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Nat Christie Centre

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Citadel Theatre

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Citadel Theatre

The Citadel Theatre began in the mind of founder Joseph Shoctor as he gazed out the window of his downtown office building. Directly across the street was a vacant Salvation Army building, and its potential seemed obvious. Shoctor bought the building and enlisted the help of a few of his friends, formed a board of directors and was able to raise enough money to begin remodeling the structure.

The Citadel Theatre opened in 1965 with Edward Albee's Who's Afraid of Virginia Woolf? The production garnered rave reviews and attracted the attention of many Edmontonians. In the Citadel's early days, Shoctor and his partners would often carry subscriptions with them, attempting to recruit anyone who would listen. Their efforts paid off and by the end of the first year, they had sold 1,300 subscriptions.

The new theatre's popularity remained consistent, outgrowing its location in 10 years. In 1976, the Citadel moved operations to its current location in the heart of the Arts District in downtown Edmonton. There are five theatres in the building: the Shoctor Theatre; the Maclab Theatre; the Rice Theatre; the Ziedler Theatre; and the Tucker Ampitheatre which is located in the beautiful indoor tropical gardens of the Lee Pavillion. There is also a Box Office, a bookstore, and a restaurant. The Citadel produces 13 productions a year, which has amounts to over 900 performances attended by over 100,000 people. The Citadel is Canada's largest, non-commercial regional theatre.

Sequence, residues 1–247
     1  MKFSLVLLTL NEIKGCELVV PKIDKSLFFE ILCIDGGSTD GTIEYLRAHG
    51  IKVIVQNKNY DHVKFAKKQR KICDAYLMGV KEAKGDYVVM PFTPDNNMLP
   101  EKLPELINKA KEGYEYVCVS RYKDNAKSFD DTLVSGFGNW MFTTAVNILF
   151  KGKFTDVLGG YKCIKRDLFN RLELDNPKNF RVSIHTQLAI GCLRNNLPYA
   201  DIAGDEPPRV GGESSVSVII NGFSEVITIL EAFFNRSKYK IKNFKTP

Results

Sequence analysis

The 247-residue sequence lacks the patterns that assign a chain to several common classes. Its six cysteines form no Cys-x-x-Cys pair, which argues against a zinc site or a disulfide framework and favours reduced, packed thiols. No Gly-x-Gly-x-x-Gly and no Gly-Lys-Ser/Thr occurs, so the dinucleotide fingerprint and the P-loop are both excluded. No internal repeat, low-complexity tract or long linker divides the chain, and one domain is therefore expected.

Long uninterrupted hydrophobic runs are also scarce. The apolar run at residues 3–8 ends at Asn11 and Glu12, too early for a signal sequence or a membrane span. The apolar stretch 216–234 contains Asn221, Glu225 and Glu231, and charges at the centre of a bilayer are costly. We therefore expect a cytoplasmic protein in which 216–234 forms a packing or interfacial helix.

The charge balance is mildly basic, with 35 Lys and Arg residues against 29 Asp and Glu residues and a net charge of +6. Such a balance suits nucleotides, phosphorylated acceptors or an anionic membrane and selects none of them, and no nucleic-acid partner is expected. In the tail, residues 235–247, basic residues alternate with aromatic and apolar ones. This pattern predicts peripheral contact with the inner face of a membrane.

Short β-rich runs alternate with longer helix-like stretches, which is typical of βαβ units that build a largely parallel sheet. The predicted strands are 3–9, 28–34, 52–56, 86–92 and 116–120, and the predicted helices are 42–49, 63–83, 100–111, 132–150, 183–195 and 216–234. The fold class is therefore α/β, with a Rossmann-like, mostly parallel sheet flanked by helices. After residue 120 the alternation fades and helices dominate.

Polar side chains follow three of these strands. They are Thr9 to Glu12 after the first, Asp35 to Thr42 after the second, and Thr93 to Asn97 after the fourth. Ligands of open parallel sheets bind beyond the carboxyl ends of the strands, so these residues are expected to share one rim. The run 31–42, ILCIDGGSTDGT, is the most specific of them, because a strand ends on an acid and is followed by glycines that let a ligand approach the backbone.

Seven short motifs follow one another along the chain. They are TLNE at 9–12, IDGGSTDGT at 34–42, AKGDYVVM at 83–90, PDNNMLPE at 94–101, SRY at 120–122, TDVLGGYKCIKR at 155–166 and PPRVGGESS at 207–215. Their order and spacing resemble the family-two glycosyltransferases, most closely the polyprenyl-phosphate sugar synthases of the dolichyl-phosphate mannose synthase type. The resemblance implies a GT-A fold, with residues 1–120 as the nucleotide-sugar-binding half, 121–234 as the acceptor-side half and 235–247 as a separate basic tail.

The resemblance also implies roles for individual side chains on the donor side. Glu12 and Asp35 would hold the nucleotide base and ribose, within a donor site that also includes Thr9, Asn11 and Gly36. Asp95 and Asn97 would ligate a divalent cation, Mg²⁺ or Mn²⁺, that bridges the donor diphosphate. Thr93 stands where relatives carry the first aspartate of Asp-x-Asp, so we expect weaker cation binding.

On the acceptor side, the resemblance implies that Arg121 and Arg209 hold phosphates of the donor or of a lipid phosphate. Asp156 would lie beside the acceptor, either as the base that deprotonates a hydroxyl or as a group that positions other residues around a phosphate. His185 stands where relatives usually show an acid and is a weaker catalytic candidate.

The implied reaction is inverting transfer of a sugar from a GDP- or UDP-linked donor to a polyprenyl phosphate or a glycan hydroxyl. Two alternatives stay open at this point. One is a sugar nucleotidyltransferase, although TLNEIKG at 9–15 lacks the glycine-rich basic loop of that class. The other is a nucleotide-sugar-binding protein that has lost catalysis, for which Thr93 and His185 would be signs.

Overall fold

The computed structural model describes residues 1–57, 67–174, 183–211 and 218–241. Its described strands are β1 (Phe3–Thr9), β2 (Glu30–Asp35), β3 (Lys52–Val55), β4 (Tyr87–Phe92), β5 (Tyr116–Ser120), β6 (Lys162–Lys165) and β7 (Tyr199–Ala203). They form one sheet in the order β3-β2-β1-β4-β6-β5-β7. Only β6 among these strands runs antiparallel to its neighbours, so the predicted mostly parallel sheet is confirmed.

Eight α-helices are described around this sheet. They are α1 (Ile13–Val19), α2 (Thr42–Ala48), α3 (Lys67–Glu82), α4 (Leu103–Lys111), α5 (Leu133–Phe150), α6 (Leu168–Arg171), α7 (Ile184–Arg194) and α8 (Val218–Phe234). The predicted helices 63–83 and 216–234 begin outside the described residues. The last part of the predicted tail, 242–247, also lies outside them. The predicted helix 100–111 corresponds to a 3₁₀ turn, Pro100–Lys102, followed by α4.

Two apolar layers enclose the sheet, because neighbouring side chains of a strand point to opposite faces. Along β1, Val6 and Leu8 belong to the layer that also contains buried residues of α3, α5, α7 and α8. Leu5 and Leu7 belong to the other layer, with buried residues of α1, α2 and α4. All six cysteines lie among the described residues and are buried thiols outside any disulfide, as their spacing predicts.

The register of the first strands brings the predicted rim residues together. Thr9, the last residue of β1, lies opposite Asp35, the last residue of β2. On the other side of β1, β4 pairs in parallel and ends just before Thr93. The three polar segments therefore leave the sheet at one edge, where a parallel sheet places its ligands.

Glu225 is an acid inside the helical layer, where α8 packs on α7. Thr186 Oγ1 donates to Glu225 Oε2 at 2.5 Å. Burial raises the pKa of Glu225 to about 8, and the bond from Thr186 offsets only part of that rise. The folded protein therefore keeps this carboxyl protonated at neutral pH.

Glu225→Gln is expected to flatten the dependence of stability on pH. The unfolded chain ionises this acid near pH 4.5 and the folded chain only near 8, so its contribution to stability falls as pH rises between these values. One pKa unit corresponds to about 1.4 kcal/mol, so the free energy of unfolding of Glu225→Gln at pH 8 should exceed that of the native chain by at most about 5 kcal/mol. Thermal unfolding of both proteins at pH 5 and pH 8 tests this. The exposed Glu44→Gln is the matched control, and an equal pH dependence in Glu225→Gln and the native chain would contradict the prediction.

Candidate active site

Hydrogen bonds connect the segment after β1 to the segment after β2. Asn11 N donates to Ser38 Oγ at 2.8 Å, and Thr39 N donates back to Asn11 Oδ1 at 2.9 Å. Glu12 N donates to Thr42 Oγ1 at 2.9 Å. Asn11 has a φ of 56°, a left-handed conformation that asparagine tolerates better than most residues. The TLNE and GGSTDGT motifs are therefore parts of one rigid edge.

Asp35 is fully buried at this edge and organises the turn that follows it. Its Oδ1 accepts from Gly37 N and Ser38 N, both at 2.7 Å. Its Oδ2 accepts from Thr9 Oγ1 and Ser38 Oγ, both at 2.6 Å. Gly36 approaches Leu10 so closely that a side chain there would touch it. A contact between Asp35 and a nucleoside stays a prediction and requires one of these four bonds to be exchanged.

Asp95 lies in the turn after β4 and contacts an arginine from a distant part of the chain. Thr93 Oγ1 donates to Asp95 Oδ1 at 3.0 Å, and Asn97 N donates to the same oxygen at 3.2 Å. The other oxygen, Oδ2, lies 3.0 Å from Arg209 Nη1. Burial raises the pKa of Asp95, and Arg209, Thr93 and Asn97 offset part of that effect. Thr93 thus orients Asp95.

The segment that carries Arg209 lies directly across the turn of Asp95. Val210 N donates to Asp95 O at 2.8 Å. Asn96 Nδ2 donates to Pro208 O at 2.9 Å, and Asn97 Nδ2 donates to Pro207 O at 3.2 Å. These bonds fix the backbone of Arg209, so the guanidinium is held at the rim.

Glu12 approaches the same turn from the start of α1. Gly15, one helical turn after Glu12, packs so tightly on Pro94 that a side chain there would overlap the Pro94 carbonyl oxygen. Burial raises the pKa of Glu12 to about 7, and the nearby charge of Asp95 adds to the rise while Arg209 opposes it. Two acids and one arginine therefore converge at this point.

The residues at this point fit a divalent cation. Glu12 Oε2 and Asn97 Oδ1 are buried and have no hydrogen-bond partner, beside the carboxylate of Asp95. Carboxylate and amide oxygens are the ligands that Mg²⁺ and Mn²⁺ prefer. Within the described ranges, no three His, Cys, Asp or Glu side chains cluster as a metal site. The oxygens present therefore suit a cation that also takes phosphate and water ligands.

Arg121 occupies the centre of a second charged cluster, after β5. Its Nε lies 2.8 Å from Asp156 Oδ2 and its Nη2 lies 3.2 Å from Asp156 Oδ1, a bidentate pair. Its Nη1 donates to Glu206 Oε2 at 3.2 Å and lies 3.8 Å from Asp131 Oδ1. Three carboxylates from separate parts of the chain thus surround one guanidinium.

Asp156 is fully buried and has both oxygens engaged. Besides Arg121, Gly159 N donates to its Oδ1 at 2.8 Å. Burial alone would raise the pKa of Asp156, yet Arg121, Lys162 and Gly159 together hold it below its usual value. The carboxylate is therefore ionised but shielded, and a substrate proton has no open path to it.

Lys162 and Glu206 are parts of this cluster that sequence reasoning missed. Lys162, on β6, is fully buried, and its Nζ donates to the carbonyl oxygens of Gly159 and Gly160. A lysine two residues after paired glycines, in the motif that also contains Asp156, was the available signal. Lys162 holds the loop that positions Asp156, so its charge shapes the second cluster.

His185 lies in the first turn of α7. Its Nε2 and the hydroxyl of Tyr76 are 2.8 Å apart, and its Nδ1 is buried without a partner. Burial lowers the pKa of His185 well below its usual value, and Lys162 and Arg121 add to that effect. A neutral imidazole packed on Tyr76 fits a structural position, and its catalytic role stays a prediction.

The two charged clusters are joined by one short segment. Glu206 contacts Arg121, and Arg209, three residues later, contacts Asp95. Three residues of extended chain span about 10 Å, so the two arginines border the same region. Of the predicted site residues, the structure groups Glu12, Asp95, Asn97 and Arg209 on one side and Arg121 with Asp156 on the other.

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Joe Shoctor talks about why the success of the Citadel Theatre has depended largely on good luck and timing.
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